There is a lot of reason to be skeptical of Microsoft's real-time strategy game, Halo Wars. For one thing this is the first new Halo game not developed by Bungie, the company that has spent the last decade doing nothing more than making games starring the Master Chief. And it's not just that, there's also the worry that Halo won't translate well to this brand new genre, a genre that hasn't exactly been perfected on the non-keyboard home consoles.
Yet as worried as I was, I was definitely excited to see what Ensemble Studios had in store for their first brand new console game. This is a company best known for PC classics like Age of Empires and Age of Mythology; they definitely know what they're doing when it comes to making real-time strategy games. Halo was one of the first games to prove that you could do an amazing first-person shooter on a home console, so it only seems fitting that Halo Wars will try and do the same thing for real-time strategy games. But does it succeed? After some initial doubt, I have come away convinced that Ensemble Studios is on to something big with this title.
Unfortunately playing Halo Wars at E3 was trickier than you may imagine. For whatever reason Microsoft decided not to feature the game on the show floor, limiting the amount of people who actually got hands-on time with the short demo. Instead journalists who wanted to try out Ensemble's upcoming game had to make an appointment and visit Microsoft's behind closed doors meeting area. Oddly enough, this was also the only way you could play the upcoming Banjo Kazooie game, Lips and a few other big holiday titles.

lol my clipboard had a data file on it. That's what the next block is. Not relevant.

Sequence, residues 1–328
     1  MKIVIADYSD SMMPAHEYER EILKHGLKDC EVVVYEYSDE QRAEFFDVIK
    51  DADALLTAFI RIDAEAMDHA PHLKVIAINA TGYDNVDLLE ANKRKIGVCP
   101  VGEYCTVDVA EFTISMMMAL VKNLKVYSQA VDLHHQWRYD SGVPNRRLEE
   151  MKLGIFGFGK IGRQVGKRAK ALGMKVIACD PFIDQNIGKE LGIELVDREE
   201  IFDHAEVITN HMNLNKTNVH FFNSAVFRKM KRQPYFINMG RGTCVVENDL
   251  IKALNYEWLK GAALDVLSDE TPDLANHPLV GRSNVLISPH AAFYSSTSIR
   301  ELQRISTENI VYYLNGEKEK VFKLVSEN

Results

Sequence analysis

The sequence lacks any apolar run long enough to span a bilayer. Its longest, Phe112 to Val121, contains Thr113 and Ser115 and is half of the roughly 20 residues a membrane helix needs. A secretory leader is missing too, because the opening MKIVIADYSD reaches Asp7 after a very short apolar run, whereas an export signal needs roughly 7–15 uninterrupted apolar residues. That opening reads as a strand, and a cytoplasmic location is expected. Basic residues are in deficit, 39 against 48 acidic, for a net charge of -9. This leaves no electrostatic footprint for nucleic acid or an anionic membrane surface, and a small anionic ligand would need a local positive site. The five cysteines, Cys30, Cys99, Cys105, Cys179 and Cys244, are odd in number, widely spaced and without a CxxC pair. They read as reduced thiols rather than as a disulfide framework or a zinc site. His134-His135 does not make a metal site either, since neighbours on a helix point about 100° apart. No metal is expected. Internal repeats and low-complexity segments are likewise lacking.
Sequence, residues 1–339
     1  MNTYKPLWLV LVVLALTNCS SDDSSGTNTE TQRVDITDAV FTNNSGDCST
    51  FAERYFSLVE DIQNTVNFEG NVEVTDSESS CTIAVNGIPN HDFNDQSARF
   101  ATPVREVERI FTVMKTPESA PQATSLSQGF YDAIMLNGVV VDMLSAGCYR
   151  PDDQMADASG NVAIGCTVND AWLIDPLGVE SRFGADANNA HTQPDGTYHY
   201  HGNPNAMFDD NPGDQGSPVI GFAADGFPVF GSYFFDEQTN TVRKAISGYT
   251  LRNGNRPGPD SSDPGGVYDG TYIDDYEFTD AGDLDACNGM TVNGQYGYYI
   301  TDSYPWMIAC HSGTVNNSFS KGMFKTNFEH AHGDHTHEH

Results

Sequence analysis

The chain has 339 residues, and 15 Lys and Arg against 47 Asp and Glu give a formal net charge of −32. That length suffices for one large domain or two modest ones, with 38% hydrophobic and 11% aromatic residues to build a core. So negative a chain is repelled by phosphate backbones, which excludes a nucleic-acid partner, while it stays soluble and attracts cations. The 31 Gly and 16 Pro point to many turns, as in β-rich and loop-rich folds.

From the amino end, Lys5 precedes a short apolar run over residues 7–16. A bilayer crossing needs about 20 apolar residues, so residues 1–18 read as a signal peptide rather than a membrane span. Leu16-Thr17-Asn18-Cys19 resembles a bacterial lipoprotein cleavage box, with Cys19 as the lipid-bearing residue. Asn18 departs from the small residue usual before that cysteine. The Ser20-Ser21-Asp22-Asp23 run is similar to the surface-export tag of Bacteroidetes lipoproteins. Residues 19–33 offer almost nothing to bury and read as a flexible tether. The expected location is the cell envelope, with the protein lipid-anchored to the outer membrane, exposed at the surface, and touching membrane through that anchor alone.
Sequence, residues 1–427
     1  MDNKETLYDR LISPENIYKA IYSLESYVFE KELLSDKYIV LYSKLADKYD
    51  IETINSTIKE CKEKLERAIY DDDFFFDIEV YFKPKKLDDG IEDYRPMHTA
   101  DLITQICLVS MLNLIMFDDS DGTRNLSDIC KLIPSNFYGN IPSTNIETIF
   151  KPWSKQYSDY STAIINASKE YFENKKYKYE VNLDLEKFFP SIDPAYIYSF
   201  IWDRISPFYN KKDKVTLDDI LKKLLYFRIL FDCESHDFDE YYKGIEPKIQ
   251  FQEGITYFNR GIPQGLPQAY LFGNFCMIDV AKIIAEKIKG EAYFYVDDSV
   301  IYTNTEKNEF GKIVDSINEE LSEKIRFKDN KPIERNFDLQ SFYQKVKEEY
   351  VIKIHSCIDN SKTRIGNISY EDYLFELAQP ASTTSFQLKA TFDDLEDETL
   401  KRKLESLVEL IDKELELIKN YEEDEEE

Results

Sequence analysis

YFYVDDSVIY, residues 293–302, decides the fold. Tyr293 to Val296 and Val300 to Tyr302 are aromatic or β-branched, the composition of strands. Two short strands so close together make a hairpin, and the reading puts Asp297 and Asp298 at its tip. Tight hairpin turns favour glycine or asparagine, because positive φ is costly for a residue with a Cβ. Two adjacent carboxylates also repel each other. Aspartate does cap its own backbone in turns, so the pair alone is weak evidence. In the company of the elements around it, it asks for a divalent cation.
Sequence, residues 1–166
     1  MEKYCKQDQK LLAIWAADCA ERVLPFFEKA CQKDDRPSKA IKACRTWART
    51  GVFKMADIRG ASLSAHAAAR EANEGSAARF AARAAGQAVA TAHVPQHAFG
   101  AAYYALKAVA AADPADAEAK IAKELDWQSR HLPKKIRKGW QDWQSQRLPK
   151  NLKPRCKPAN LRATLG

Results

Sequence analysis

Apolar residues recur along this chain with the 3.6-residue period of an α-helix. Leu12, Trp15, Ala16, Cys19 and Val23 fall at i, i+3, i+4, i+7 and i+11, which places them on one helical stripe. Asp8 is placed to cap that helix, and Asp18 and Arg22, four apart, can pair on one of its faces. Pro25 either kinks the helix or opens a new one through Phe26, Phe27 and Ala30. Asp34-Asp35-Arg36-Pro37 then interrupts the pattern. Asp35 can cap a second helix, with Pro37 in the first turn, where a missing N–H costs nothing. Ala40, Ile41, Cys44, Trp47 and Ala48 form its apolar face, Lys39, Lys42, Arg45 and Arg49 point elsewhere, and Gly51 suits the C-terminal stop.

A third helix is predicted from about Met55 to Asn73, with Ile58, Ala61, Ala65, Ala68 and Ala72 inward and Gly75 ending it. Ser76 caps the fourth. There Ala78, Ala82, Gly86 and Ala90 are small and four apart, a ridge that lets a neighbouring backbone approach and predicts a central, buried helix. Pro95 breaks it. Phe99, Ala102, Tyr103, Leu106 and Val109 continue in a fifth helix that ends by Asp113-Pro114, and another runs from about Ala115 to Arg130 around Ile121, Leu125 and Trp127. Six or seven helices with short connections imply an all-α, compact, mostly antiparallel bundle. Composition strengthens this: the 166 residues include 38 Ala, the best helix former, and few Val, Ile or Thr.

But this article isn't about some SingStar rip-off; this is a hands-on preview of Halo Wars. Before I could sit down with the game, Microsoft made us sit through a short tutorial hosted by one of the developers at Ensemble. He explained what we would be playing, the history of the title and what they hope to deliver. They also explained some of the nuance of the controls, which I'll get to a bit later. After rushing through his memorized tutorial and answering a few questions from a group of six or seven people, Microsoft told us to find a console, pick up the control and, most importantly, have fun. It was time to play Halo Wars.
Unfortunately the demo only allowed us to play the game as a two-player co-op game. Each person got their own comfy couch and large HDTV to stare into, as well as a second player who was working with you to defeat the dastardly Covenant. In my case I was teamed up with a fellow journalist, Patrick O'Connor, who currently works over at Defunct Games. Together we built up our base, trained an army of soldiers and kicked some alien ass.
The way the demo level was laid out made it so that my real life teammate and I never had to work together, he had his own battle to fight and I had my own. He top half of the screen, I took the bottom. For the first two-thirds of the game we barely spoke, only communicating at the end to devise a plan to rush the last remaining bad guys in spectacular fashion. The truth is, we could have gone the entire match without saying a word, our coordination was absolutely inconsequential.